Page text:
Batwoman #1 Review
Written by: Marguerite Bennett & James Tynion IV
Art by: Steve Epting
Colors by: Jeromy Cox
Letters by: Deron Bennett
In one of the world’s largest markets, a lone man puts himself into the position to cause a major international incident. In an intersection surrounded by tourists from all over the world, he has taken out a syringe and is positioning himself to inject it directly into his arm until he is thwarted by Batwoman. She’s been tasked with tracking down sellers of the toxin Venom around the world and she’s tracked her quarry to Istanbul. As she draws the now Venom induced man away from the market, she gets the advantage and transforms him back. As she attempts to get answers, the man is killed by an unknown assassin. Kate takes to the streets to track down the assassin, but comes up empty, prompting her to return to her yacht/mobile Batcave.
Her assistant Julia has tracked the assassins knife to a small island in the Meditteranean Sea named Coryana. This name seems to awaken some memories in the vigilante. A lost year in the life of Kate Kane. A year that sees the young woman confronting an enigmatic woman of power, her loyal cohorts and seemingly, the assassin that Batwoman encountered in the market. As she disembarks, she is confronted by one of the people from that missing year. Someone who seems to know her mask or not. A dying man who questions why she came back at all.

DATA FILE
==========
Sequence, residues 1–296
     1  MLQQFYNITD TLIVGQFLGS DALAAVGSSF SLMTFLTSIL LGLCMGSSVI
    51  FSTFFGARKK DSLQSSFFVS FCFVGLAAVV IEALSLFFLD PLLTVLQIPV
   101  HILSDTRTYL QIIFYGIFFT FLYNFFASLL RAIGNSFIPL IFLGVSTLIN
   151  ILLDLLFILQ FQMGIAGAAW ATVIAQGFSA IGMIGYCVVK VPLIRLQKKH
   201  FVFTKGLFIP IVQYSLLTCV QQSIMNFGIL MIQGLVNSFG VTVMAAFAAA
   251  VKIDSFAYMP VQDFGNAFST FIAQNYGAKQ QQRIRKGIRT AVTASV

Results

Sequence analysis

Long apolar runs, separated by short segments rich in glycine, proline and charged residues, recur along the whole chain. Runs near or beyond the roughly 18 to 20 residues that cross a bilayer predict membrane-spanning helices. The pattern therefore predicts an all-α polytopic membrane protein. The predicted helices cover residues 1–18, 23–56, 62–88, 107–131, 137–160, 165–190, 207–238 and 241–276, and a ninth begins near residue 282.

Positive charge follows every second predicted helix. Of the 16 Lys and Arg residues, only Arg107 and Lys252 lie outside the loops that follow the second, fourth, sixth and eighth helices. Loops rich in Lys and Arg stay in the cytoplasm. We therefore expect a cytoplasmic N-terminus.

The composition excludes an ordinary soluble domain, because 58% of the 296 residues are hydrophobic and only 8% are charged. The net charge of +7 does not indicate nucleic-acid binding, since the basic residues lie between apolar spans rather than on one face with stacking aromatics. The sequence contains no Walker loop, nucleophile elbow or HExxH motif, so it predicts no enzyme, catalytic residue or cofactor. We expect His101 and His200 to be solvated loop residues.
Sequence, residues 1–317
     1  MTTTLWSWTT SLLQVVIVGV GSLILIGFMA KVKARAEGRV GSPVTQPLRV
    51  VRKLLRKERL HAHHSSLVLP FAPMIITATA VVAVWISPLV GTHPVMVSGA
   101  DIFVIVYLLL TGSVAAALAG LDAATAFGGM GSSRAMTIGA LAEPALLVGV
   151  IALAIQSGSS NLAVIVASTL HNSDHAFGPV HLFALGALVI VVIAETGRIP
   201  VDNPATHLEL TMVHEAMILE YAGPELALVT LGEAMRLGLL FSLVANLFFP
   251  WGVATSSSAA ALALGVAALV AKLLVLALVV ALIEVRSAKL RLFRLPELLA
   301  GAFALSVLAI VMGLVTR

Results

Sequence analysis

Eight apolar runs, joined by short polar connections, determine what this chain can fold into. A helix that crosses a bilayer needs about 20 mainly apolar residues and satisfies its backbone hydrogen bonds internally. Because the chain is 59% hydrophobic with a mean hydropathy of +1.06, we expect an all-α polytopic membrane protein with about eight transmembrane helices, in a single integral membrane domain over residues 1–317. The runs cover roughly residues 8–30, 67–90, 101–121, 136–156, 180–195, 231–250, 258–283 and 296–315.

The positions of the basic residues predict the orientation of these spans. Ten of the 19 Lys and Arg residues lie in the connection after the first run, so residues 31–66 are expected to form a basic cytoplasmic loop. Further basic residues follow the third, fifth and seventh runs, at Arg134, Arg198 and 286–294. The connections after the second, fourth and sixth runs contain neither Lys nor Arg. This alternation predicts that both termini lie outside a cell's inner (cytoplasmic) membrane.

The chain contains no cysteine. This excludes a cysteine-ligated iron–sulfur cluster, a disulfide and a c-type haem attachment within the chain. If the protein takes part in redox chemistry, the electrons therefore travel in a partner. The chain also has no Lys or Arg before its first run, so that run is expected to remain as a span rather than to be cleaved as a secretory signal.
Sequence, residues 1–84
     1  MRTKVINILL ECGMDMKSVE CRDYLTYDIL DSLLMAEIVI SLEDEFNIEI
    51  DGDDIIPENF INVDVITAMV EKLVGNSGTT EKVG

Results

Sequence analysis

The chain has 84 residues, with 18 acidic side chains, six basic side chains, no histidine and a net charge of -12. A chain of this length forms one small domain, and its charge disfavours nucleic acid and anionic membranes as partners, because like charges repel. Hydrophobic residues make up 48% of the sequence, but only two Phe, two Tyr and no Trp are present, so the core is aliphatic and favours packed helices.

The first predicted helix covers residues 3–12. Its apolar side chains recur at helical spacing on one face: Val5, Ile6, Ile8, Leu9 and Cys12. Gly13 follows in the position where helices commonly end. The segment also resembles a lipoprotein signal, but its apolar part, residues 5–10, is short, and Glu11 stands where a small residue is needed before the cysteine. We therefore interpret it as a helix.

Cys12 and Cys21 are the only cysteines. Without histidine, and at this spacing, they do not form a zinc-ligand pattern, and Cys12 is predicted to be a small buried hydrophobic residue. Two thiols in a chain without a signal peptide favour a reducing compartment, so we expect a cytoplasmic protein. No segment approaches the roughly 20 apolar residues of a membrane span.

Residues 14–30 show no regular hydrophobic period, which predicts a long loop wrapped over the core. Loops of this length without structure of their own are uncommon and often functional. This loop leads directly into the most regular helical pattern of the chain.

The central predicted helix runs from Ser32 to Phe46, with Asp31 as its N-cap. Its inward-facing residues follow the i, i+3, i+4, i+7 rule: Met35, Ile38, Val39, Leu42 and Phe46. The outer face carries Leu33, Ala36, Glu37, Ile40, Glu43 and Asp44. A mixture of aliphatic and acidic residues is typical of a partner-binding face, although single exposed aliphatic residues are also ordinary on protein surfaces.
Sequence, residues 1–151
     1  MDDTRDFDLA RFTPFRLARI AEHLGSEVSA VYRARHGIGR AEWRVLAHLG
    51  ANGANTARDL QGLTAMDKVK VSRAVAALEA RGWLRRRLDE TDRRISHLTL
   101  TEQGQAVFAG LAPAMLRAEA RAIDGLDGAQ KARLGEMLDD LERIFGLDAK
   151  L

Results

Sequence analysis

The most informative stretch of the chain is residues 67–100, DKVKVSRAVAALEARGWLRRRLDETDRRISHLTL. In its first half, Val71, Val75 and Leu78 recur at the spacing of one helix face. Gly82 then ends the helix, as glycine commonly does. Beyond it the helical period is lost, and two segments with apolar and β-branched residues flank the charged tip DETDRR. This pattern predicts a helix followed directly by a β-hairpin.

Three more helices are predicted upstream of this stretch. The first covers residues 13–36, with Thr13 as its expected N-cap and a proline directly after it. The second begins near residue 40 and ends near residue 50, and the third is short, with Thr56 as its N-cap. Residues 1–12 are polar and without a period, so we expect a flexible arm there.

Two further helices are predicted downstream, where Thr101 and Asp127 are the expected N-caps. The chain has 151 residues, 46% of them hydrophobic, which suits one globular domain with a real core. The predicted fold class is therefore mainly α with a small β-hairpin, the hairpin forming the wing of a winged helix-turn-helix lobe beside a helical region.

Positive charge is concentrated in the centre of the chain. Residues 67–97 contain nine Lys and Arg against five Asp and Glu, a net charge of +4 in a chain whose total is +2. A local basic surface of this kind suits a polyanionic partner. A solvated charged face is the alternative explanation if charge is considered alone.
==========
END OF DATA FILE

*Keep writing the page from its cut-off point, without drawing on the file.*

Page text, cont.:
As mysteries go, this is the beginning of an interesting one. I enjoy the deep noir elements of the plot in this first issue as well as the voice over by Batwoman. There is a darkness in her words that goes beyond brooding. She has an agenda, but her motives are all her own and her inability to trust seems to be a trait that can either serve her well or hinder her ability to truly embrace her destiny. Bennett and Tynion IV do an extremely good job of crafting this first issue to both tell a story that moves fluidly, but also open up questions that both the protagonist and audience want answered. I found myself engaged in both the story and characters and the artwork by Steve Epting added that gritty noir feel to the panels. A great first issue with a hook that will draw me in to the next issue.